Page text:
Civil War - Civil Union:
The Elderkin Family in North America
Civil War-Civil Union
Chapter 1: 1842-1862
Chapter 2: 1862-1863
Chapter 3: 1863-1882 Chapter 4: 1883-1912
Chapter 5: 1912-on
Descendancy Chart (to come)
For Questions or
Civil War-Civil Union is copyrighted 2003
Before recounting David’s travails and Mary’s heroism, it is important to place these characters within their familial and historical contexts.
The first Elderkin to set foot in North America was John Elderkin, who was born in England in approximately 1612. He landed at Lynn, Essex County, Massachusetts in 1637, and traveled about New England before settling in New London, Connecticut in 1651. He was a builder who constructed corn mills in Dedham and Reading, Massachusetts; Providence, Rhode Island; and New London, Connecticut, where he also constructed a church.[i]
John Elderkin was about 44 when he married Elizabeth Drake, his second wife, in Windsor, Connecticut in June of 1687.[ii] The couple did as most of their generation did – they multiplied themselves many times over, and so did their children. Many of the Elderkins living in the United States today are descended from John Elderkin and Elizabeth Drake. There is an extensive body of research into their progeny.
Most of the family stayed remained in New England, but John Elderkin’s grandson Joseph Elderkin and his wife Mary (Story) Elderkin left their families behind in the late 1740s and moved their large brood to Horton, Kings County, Nova Scotia. It is not clear why they made the long journey north from the comfortable prosperity the family enjoyed in New England. It would have been too early for them to have been British loyalists fleeing the Revolution. Perhaps their decision was one of the first links of chain migration to Nova Scotia which ensued later in the 18th Century.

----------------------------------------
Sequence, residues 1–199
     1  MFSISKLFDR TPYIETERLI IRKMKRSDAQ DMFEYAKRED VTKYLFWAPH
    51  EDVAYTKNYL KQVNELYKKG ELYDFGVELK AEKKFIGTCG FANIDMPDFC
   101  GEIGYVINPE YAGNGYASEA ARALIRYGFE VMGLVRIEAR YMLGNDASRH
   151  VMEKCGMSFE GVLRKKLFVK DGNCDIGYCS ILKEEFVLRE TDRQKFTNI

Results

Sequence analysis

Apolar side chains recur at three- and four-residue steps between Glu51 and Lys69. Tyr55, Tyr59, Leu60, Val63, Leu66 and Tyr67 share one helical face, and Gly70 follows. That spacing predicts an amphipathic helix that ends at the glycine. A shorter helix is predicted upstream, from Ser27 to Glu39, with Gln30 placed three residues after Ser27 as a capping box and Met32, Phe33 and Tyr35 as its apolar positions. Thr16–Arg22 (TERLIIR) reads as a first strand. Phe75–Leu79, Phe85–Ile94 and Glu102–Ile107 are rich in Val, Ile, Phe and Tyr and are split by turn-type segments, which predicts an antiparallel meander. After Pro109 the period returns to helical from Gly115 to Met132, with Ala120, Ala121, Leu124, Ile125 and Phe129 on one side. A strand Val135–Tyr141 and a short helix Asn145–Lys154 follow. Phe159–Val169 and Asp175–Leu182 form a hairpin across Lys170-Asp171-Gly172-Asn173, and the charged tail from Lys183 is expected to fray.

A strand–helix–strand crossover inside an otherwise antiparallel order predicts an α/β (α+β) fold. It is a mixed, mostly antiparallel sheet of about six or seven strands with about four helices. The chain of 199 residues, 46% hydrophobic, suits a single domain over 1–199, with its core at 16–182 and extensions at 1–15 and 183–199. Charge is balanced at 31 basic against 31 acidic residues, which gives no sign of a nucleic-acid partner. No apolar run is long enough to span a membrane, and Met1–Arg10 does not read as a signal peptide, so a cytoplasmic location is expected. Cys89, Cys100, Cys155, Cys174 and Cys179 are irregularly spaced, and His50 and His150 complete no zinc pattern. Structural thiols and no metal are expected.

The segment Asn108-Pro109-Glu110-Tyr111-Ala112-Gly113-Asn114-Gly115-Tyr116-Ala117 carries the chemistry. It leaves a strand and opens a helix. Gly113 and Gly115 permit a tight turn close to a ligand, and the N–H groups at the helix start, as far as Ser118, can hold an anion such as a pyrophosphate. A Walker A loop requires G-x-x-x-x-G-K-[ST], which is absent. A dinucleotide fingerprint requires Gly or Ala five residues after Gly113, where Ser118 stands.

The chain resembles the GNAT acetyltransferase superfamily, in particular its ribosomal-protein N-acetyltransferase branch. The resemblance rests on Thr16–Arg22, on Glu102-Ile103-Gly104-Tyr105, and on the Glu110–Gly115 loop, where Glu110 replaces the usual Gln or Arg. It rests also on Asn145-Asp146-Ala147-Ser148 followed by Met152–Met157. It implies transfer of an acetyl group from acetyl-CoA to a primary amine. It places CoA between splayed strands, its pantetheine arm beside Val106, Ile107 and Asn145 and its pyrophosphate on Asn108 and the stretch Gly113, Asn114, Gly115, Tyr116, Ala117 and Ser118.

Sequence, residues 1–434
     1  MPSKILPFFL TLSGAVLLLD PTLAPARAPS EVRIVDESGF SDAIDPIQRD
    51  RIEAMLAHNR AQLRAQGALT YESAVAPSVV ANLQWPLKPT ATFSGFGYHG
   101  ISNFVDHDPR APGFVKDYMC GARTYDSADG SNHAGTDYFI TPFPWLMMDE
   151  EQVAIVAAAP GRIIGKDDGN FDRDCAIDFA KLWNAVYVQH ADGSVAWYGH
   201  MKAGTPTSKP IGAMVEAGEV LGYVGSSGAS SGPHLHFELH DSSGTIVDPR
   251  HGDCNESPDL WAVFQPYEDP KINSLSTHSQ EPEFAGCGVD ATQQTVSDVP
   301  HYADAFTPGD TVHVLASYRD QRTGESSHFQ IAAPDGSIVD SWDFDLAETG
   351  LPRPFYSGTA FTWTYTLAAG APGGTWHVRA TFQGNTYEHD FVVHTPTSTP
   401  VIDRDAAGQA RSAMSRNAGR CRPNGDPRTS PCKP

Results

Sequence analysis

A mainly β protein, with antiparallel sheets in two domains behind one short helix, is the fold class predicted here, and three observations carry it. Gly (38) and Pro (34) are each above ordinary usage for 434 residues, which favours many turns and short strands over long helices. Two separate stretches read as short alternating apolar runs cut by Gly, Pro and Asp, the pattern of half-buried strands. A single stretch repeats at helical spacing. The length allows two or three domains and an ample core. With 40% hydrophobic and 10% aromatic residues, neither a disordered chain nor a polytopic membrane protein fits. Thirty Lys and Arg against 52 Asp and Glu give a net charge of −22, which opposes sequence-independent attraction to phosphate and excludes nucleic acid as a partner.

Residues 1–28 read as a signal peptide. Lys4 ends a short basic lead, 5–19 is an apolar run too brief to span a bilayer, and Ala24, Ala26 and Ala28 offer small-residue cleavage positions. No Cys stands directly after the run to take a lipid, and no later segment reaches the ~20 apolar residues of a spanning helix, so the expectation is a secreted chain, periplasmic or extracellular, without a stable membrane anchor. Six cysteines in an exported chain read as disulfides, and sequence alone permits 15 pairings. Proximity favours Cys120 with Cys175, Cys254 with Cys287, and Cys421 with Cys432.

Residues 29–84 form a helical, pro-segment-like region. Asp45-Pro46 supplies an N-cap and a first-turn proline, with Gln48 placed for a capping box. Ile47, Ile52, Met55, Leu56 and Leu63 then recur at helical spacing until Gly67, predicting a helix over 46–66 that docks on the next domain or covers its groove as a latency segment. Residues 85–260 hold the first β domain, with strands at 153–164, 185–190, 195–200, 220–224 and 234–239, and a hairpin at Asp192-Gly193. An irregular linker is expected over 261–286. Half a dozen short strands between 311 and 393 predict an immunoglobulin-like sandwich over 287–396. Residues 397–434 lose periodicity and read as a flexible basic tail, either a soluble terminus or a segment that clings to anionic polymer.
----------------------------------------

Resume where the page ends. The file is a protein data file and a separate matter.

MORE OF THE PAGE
Joseph Elderkin’s children quickly populated the Kings County, Nova Scotia area. The youngest, Jeptha, married Emma Johnson on December 23, 1779. The couple had twelve children.[iii] William was the second oldest boy. He moved to Cumberland County, Nova Scotia and married Nancy Troop, an Annapolis County, Nova Scotia girl from Granville, on January 11, 1813.[iv] In March of 1828, when they had five children under twelve, Nancy died.[v]
Unable to care for the children alone, William seems to have turned to Nancy’s unmarried younger sister, Catherine, for help. She must have been up to the task, for two years later, on July 10,1830, the widower William Elderkin and Catherine Troop wed.[vi] Catherine was 33. William and Catherine set to work on raising their own children, Charles Frederic (b. 14 June 1831), Julia Augusta (b. 9 Aug 1833) and David Troop (b. 11 June 1838), as well as the older ones from his first marriage, (George b. 23 August 1816), Catherine (b. 9 September 1818), Sarah Moriah (b. 3 June 1821), Thomas Hanley (b. 22 November 1823), and William Johnson (b. 27 January 1826).[vii]
Weaver, William L., History of Ancient Windham, Elderkin Genealogy
Parts XC-XCII, Elderkin Historical Series: Number One (Republished
by Roland D. Elderkin, 1949), 5.